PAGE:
It's Like We're In The Panic Phase Of A Financial Crisis

Over the past few days, we’ve seen stocks plummet and oil prices crash.

But the most interesting moves have been occurring in the global bond markets, where government bond yields have been plunging to historic lows.

“2015 starts off with the average of G3 10 year government yields below 1%,” wrote Steven Englander, Citi’s global head of G10 FX Strategy.

The G3 currency group is made up of the US dollar, the euro, and the yen.

On Tuesday, the US 10-year yield got as low as 1.959%, and Japan’s 10-year yield fell to as low as 0.288%. In the eurozone, the German 10-year yield got as low as 0.443%, and the French 10-year yield got as low as 0.720%.

“This is the first time ever that rates are this low, as even during the 1930s rates were well above current levels in both the US and abroad,” Englander added.

“It is also striking that this is not happening during the panic phase of a crisis, but after the panic is over and we have had significant recoveries in asset prices globally. More a sign that investors think we are going nowhere for a long time.”

The global economy is arguably fragile, but it’s hard to argue that we’re in the middle of any sort of panic.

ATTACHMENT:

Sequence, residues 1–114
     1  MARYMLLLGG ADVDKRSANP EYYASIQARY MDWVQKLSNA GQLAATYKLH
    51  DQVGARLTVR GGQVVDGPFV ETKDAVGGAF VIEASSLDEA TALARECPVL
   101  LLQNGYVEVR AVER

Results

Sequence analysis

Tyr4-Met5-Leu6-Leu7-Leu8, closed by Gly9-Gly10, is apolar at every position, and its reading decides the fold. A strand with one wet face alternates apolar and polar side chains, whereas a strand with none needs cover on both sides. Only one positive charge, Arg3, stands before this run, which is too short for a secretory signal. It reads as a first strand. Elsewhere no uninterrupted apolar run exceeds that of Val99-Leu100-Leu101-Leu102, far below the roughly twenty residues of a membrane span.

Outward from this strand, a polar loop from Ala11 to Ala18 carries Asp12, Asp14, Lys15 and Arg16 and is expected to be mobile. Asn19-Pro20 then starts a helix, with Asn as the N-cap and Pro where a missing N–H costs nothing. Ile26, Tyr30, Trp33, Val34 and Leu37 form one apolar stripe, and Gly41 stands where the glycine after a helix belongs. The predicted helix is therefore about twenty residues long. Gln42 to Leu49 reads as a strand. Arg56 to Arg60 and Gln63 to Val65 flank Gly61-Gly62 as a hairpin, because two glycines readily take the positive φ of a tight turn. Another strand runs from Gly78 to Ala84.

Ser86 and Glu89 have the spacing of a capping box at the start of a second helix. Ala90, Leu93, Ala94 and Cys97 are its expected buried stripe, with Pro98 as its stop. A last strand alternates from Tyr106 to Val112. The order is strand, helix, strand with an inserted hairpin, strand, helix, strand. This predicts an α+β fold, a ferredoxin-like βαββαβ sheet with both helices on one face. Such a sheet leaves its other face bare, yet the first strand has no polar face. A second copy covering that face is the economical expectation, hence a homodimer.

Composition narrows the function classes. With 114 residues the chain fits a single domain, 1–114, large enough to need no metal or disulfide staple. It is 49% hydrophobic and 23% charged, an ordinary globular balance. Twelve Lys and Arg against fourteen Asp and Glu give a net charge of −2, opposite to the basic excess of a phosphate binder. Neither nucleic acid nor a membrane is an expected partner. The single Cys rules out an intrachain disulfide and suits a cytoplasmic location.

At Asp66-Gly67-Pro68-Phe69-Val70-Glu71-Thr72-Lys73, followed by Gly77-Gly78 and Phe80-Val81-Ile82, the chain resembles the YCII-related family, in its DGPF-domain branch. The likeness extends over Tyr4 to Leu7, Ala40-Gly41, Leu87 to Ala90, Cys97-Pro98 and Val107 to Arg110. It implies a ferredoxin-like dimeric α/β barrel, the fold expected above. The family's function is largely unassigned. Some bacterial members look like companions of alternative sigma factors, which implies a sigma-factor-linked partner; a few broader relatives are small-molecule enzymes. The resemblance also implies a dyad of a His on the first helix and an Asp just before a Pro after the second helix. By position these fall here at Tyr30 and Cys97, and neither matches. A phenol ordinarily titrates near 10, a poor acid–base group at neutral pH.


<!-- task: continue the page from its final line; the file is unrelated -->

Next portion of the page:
“This could be secular stagnation but it could also be a policy impasse: fiscal policy/helicopter money may be the solution but policymakers are sticking to the conventional non-conventional tools and these are not expected to work terribly well,” Englander says.

Despite efforts to stimulate the economy, the eurozone has been stumbling. Inflation has been going nowhere, which has had experts warning of deflation in the region. This could explain the plunging yields.

DoubleLine Capital’s Jeffrey Gundlach ties surging bond prices and falling yields in the US to the ultra-low yields in Europe. Because yields are actually lower in Europe, US Treasury securities offer relative value to the global bond investor.

“It’s really hard for me to identify why rates should go higher,” Gundlach said to Business Insider in August.

In an interview with Barron’s last week, Gundlach said the US 10-year Treasury yield was likely to fall again in 2015, potentially sinking below the 2012 low of 1.38%.

Here’s a longer-term look at the 10-year yield.

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